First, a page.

It doesn’t work. The book is a part of me, a part which has been difficult and wonderful to wrangle into words on the page. I’m scared to share it but I’m also excited too – I can’t wait for the characters with whom I’ve spent the last three years to make their first steps into someone else’s imagination.  I’m proud of it, and writing it has been a joy, a torment and a learning curve.

And I’ve realised that last part is the most important. I remind myself that the review for my first book which meant most to me was a two star one. In it, the reviewer said that it ‘had potential’ but that in the end nothing was ‘particularly engaging’. They were very careful to clear up any confusion that they might be suggesting I was on drugs, and they ended with this line: ‘I look forward to her next book and hope that she stretches herself more’.

I hope that I have, too. And I’m going to keep on trying, with the next book and the next, pushing The Doubts into the dusty little corner where they belong. Because, really, the only thing we have any control over is whether we believe our work is the best it can be. I do feel that way about Lay Me Down, and I’m going to spend 2015 doing my utmost to make it true of Book 3 as well.

 

 Nicci Cloke

Lay Me Down
Nicci Cloke is an author, procrastinator and literary salon organiser. She’s also Sales and Marketing Assistant at Faber Academy. Say hi to her on Twitter.

Lay Me Down is published on February 19th. 

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Why I Write: David Sanger

When speaking about writing, I find that I get embarrassed; worrying with each word that I’m treading in clichés. So I’ll steal from someone else. One of my favourite directors, Michael Powell, once said, ‘I am the teller of the tale, not the creator of the story.’ I like to think he was talking about the pre-existing wonder of life that he drew into his films. He filmed otherworldly romances and scenes of fantasy, but each time he made them from the basic components of life. Things we all have at our disposal in our memories and experiences.

I write because I feel there’s a tale to be told. I feel an excitement from something, be it an event or a character, that needs to be put down. When I started writing what will be my first novel, I didn’t know when or where it would be set. It just started as an image of a girl sat with her uncle, looking out over a canyon. The story grew from there and other characters joined the fray and then finally, and perhaps unconventionally, it gained a setting and a time.

Working in publishing only made me want to write more. At Faber I was lucky enough to meet authors who I had read and admired hugely; even written my dissertation on. It wasn’t that they raved about writing or how it was the best job in the world. It was the worlds they created. The tales they told. It was equally intimidating and inspiring, which is perhaps why I only began writing when I left.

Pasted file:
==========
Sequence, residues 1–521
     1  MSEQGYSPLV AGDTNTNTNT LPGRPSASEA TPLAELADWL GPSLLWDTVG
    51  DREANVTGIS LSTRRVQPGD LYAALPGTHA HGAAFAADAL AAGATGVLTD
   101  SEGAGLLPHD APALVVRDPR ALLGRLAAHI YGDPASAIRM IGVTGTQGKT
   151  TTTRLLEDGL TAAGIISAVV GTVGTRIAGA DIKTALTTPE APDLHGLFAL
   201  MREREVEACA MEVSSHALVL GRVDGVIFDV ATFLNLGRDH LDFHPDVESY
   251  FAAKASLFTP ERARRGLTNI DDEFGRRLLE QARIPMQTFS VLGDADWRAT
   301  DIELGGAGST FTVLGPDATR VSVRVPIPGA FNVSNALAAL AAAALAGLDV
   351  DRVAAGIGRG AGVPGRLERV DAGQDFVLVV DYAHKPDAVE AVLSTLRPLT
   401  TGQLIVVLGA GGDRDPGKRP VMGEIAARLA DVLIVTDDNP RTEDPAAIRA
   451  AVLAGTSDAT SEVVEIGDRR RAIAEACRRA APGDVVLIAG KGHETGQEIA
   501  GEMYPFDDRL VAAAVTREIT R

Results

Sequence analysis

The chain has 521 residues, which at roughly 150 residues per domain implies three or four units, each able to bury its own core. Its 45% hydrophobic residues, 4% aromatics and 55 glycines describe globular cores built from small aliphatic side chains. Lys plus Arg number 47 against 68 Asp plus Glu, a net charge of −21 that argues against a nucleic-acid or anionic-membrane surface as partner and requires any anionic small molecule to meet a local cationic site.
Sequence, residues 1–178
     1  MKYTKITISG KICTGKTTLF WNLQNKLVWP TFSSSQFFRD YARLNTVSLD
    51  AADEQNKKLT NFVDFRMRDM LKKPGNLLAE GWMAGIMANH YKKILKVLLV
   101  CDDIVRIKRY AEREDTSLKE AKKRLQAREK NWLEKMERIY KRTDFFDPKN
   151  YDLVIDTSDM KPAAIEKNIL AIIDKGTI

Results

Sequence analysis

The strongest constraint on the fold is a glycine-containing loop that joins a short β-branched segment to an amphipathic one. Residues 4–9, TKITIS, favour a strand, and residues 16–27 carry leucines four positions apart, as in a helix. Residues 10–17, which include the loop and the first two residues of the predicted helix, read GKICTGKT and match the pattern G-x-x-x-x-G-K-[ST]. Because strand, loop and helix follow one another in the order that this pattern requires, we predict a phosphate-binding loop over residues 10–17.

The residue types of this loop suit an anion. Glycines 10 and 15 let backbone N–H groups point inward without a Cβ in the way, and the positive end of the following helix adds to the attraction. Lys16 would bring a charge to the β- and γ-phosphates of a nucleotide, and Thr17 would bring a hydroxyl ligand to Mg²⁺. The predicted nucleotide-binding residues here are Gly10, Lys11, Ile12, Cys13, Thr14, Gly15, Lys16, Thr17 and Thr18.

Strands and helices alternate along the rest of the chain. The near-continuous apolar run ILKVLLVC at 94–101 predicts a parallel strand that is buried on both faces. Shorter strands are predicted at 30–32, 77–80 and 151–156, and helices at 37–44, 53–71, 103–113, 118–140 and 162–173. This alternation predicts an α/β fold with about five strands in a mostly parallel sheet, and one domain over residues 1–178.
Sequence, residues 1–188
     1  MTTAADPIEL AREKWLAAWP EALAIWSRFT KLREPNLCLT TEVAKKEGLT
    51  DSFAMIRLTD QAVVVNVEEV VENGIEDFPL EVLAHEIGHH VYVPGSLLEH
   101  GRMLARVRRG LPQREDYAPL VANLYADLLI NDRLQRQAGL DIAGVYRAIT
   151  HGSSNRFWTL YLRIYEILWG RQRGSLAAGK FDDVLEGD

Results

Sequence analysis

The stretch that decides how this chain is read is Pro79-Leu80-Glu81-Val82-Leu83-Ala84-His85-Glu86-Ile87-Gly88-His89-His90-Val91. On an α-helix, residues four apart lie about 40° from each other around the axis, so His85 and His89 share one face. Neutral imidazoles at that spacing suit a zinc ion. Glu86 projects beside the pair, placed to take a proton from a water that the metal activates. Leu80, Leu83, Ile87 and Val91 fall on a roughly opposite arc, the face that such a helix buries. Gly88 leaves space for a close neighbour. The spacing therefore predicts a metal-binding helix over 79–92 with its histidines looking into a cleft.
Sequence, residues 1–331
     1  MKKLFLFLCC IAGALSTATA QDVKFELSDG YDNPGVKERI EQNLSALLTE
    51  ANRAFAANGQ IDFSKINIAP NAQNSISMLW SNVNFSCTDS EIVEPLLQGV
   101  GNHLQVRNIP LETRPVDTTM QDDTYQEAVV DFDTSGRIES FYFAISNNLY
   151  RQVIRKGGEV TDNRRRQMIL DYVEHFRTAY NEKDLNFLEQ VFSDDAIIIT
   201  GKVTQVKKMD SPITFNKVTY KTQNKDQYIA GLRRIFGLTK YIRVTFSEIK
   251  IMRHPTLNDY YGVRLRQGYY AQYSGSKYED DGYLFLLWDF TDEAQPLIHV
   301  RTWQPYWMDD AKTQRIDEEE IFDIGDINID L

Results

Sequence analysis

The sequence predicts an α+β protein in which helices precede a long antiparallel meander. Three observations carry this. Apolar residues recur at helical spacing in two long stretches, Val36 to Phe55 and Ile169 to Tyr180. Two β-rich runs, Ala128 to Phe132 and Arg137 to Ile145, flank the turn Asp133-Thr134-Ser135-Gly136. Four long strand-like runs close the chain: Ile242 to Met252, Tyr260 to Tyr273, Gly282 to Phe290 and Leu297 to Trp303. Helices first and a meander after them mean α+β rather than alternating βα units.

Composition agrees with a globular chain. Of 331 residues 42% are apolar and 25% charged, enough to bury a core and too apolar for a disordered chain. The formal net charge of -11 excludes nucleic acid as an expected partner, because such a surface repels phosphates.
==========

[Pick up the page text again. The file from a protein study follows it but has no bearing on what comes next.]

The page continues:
I started writing properly when I lived in Germany. I was holed up (voluntarily) in a spare room, looking out on the woods. As it approached winter, the never-ending German snow started. Despite sounding like the start of The Shining, it was perfect. I would wake up and return to New Georgetown, where the book takes place. I felt like (and here comes one of those clichés) I was returning to a place I belonged. I loved walking into town to witness what the characters were doing. I occasionally went for a cold run to ward off scurvy and in Babelsberg Park there were long stretches of snowy paths before these strange castle-like buildings perched on the hills. Soon, the story had a woods and an ominous building, and the book had an ending.

When I started writing I would find any excuse to give up. I would blame the computer or having to do the washing or the shopping. A month later, I would struggle to stop. Subject matter swelled my brain. It was true hunger and something that hasn’t left me since. There are days when I don’t fancy it, but writing is the only thing that can get me to the library for two hours after a long day at work.

As much as I wrote about a different part of the world in a different time, a lot of the tale I told came from my own life. When I began writing this book, a decent chunk of what I went through at the time found a home in it. People left my life as well as came into it, or rather I left and came into theirs. It’s a tribute to those people and things said or unsaid; both as potent as one another. At one point in the book, my main character stands atop a hill and asks himself, ‘What now?’ I had asked myself that plenty and still do. I guess without sending him down first, I wouldn’t have been able to follow.

Writing, like everything, comes in good and bad swells, but there’s not a better job in the world. Stories exist everywhere and have been told countless times. I write to tell a tale and hope people enjoy listening to it.

In a film of Michael Powell’s – The Red Shoes (my favourite) – Lermontov asks ballet dancer Victoria Page why she dances. ‘Why do you want to live?’ she responds. Surprised, Lermontov muses, ‘Well I don’t know exactly why, but I must.’ ‘That’s my answer too,’ replies Page. And so it goes with writing.

David Sanger

David Sanger is a children’s book publicist who lives and writes in London. Rights to his debut novel has just been sold to a major UK publisher. Say hi to him on Twitter.